Resistance to this non-residential policy eventually emerged. In the mid-to-late 30s an alumna wrote a letter of protest in the alumnae bulletin. Marion Edwards Park, third president of Bryn Mawr College (1922-1942), while she was sympathetic, was not willing to bring up the residency issue. Later in her presidency, an African-American woman lived in Radnor, which was primarily a graduate dorm. Finally, Gloria Millicent White, who received her AB in 1948, was the College's first African-American residential undergraduate student. Perhaps it was no coincidence, Florence pointed out, that this date is post-WWII, a period in which other colleges and universities were facing integration issues.
Evelyn Jones Rich, who graduated in 1954, described the unusual circumstances of her situation when she wrote, “I eagerly accepted the offer of admission to Bryn Mawr because I felt that it could prepare me to fulfill my role in promoting fundamental changes in our society. I was one of the first poor, black, full-time resident students to enter. I played pinochle with the maids and porters in Taylor 's basement and bridge with the girls with whom I lived on campus.” It was OK for her to go to a local place called El Greco's, since mixed groups of students were served there. Yet when she went there with a black man, she was not admitted. When Katharine McBride, Bryn Mawr's fourth president, approached the restaurant owner, he changed his policy to admit and serve black students. She paid students to test other area establishments' policies on admitting students!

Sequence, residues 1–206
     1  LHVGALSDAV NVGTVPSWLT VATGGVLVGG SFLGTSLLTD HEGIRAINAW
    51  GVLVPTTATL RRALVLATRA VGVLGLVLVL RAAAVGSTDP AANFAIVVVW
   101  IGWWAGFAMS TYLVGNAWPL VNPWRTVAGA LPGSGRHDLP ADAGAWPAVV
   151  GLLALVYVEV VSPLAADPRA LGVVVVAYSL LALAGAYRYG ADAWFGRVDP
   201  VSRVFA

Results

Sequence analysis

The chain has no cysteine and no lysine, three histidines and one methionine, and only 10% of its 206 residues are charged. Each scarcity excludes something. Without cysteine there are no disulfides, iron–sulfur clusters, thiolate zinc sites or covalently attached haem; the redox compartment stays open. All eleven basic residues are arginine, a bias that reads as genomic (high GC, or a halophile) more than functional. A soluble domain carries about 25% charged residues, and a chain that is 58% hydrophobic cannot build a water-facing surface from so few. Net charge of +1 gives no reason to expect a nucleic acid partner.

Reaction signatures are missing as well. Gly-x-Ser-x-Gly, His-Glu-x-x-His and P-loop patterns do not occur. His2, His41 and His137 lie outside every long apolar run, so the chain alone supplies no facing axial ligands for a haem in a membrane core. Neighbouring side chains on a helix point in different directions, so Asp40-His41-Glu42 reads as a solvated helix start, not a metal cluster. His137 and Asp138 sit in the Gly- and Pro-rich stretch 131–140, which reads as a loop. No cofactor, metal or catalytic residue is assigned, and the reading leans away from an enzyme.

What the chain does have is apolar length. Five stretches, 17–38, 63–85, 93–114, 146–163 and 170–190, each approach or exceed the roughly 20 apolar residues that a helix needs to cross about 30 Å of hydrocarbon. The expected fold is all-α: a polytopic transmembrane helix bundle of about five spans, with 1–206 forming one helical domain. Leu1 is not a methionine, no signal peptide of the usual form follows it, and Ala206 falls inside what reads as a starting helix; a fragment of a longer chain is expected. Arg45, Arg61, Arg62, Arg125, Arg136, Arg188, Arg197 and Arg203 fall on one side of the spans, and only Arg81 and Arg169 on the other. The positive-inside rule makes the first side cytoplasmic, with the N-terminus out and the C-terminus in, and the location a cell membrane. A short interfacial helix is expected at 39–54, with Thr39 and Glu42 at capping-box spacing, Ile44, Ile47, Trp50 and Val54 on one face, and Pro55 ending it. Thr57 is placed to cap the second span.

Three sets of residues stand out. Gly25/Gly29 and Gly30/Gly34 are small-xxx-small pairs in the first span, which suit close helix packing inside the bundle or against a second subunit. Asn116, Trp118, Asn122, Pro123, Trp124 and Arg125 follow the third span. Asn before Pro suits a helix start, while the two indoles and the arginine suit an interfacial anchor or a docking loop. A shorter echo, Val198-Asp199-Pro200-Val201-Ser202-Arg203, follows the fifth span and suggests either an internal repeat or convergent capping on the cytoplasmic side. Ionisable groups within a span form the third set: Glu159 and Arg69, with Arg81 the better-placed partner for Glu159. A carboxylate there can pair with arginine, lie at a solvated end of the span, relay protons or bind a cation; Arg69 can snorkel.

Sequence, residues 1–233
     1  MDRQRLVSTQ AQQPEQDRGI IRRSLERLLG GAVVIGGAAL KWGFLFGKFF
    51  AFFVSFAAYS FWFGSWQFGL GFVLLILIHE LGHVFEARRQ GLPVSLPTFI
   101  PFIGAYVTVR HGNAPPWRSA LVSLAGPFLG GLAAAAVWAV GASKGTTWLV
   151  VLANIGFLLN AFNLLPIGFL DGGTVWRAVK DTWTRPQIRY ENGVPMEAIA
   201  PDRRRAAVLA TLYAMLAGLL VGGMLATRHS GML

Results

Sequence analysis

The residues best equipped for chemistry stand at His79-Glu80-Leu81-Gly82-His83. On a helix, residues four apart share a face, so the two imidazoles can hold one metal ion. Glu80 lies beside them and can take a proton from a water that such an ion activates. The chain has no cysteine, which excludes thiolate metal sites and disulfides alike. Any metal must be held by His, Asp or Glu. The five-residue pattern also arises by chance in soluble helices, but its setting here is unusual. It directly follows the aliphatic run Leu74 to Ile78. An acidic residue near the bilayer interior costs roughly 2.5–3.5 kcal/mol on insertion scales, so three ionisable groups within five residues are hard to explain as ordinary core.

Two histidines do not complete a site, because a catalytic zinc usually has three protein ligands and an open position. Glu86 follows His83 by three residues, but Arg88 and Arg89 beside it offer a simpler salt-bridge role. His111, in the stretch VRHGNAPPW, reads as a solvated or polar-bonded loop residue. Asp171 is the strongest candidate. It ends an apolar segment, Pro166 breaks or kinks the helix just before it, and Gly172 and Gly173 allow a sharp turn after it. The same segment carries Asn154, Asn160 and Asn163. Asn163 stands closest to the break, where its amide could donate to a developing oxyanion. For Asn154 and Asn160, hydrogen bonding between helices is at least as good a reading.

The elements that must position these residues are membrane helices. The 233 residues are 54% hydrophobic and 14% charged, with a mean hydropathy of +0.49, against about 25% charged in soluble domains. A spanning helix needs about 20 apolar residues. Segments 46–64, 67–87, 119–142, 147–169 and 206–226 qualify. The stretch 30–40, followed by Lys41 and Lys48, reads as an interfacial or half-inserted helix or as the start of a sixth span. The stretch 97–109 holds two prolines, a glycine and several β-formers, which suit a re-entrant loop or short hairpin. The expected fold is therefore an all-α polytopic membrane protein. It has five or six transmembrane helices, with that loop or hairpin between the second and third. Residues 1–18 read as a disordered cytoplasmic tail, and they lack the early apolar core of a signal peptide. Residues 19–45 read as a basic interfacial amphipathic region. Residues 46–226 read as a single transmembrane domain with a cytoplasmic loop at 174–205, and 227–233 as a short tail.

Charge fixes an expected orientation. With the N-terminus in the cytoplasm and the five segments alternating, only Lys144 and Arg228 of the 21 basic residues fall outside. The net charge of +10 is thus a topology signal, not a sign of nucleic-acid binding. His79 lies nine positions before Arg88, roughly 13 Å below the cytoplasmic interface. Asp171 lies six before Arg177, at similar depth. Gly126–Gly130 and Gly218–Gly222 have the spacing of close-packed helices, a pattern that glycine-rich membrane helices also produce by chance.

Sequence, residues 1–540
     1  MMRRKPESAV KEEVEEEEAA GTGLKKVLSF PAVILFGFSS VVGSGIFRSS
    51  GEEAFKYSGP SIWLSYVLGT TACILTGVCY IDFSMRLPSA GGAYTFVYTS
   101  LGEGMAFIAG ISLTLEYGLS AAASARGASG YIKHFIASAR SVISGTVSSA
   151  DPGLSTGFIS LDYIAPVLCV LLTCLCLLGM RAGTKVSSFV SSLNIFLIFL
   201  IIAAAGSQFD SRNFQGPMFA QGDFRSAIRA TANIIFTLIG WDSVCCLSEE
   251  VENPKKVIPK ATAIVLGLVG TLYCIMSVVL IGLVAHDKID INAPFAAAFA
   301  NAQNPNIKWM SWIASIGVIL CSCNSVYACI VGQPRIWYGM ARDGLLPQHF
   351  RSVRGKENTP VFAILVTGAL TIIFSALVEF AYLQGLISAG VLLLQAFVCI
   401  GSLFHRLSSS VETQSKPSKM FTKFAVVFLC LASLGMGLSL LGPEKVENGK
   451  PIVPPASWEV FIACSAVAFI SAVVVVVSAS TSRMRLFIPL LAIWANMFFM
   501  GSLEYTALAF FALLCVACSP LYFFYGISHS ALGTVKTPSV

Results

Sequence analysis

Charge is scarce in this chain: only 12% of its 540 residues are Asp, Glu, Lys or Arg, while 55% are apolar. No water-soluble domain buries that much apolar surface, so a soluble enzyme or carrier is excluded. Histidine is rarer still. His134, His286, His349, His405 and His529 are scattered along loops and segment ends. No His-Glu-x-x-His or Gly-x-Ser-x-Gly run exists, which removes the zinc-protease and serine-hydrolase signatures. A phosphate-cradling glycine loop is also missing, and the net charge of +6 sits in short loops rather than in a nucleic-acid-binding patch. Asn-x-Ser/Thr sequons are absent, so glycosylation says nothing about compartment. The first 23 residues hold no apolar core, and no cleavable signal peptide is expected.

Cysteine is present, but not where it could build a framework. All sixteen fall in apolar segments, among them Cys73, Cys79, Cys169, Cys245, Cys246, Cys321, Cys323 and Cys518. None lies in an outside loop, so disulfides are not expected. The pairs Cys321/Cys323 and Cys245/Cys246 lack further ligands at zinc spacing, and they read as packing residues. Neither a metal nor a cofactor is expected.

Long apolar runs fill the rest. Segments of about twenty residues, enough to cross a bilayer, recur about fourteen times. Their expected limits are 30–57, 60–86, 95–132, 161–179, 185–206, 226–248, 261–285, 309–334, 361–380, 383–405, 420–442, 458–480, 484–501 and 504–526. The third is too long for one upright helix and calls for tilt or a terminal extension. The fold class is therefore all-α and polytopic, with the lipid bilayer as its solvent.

Florence closed her portion of the presentation by suggesting that the staff in the College archives would be happy to let students see materials relevant to this topic. She offered some quotes (concluding with perspectives from 2005's Work in Progress ) via PowerPoint, to whet appetites:
Christine Philpot Clark '60—“Discovery and challenge, unknown in such sweet peaks before, certainly characterized my Bryn Mawr years; but so, too, did the culling and sorting through whitenesses that I did unconsciously. . . .”
Chandlee Lewis Murphy '63—“[ t]here was only one Negro per class (we often joked about being “THE Freshman, THE Sophomore, etc.”). . .”
Dolores Miller '70—“Bryn Mawr has certainly affected my life and I am truly a Mawrtyr, lantern, owls and all. But there is one thing the ‘Bryn Mawr experience' will not change, the fact that as long as my skin is black, the value of a Bryn Mawr education will not be the same for me as for a white student. . . .”